The Fall 2022 issue of Food & Dining Magazine (#75) is now available in all the familiar places: Louisville area eateries and food shops, newsstands and online. Go here for a preview of the features, profiles and columns, with links to the new edition at issuu. 

The precise order of Against the Grain’s recent reordering doesn’t really matter, but it goes something like this:

  • August: The Flamingo Lounge (downstairs at 119 S. 7th St.) became private event space.
  • September: ATG Sandwich Emporium (upstairs at 119 S. 7th St.) closed to the public, albeit with its bill of fare still available via catering.
  • September: The Whirling Tiger (1335 Story Ave.) closed, period.

As for the September announcements, the Sandwich Emporium’s post at Instagram offered an explanation for the shift.

To our beloved customers, we have decided to permanently close the doors of the Sandwich Emporium. Our delicious sandos will still be available through our catering site. Business downtown has slowed and we are being proactive in managing this challenging environment. Thank you for your support!

In like fashion, The Whirling Tiger took to Facebook:

Well, we tried our hardest and put our best foot forward. Unfortunately, The Whirling Tiger is closing its doors. We believe in the concept, we believe in the community and we believe in the artists. But sometimes believing is not enough. It’s always a knee jerk reaction to blame someone else or something else, but at the end of the day, we have to own it and we do.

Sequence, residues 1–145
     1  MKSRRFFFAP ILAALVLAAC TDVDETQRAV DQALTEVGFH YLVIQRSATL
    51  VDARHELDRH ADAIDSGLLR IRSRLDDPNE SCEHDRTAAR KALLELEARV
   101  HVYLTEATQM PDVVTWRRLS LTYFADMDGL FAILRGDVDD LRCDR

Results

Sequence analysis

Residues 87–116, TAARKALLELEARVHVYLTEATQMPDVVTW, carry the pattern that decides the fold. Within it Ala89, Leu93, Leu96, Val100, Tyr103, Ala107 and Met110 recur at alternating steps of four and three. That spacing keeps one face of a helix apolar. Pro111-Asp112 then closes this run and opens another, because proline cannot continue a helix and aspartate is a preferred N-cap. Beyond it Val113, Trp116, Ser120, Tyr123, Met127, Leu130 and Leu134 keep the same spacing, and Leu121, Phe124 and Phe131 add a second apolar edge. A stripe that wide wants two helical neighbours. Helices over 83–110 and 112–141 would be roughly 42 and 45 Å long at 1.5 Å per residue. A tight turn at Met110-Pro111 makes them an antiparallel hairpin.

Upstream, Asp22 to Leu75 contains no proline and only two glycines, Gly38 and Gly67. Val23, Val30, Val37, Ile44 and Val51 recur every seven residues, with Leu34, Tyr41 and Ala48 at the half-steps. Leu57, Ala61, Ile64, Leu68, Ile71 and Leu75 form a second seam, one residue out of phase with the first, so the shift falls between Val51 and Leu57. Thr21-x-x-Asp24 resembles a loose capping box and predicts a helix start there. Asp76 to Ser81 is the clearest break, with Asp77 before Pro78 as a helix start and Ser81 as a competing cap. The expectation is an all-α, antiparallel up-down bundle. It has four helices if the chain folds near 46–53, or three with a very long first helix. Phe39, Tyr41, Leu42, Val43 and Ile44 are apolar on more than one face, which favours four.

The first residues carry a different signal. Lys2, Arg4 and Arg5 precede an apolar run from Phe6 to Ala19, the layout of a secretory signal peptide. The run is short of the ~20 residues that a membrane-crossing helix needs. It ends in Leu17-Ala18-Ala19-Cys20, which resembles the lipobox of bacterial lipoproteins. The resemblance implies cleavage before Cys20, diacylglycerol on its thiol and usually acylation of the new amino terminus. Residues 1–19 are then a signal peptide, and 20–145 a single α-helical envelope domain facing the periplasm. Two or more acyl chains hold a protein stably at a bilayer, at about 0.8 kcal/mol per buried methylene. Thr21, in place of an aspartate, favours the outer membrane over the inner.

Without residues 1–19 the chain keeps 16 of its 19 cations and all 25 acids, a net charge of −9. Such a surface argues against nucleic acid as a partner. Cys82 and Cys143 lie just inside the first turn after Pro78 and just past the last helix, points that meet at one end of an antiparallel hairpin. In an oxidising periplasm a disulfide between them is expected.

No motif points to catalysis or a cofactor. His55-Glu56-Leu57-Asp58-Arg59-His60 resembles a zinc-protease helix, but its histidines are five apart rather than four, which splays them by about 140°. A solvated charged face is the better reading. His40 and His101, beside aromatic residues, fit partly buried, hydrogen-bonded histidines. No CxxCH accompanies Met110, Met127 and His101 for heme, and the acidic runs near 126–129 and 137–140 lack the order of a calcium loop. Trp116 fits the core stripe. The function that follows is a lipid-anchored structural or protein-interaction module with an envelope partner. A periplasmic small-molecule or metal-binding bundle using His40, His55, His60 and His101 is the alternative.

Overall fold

The space is iconic, the drinks that our Tiger team brought to the bar were next-level, and the talented artists that performed on our stage were most memorable. We are forever grateful for the good times.

As always, we will continue to support our community and team, as well as look forward to what endeavors we can pursue to be members of the great community of Louisville.

Food and drink remains a business, and because we cannot know the level of ATG’s investment in these three ventures, there is no way of knowing if they were (as I suspect) low risk, high reward wagers capable of being terminated before the bleeding became too severe.

The hard part is deciding to stop. To reiterate: The new normal in food and drink is highly abnormal. The playing field reveals fresh layers and novel nuances on a daily basis, and few operators have experienced them separately, much less unified.

A report in The Economist this morning cited current statistics to the effect that there are twice as many job openings in America as there are unemployed workers. If true, this mercifully puts one oft-cited and altogether glib assertion to rest, although it also provides a jarring glimpse into just how difficult the food and drink business has become, right here and now.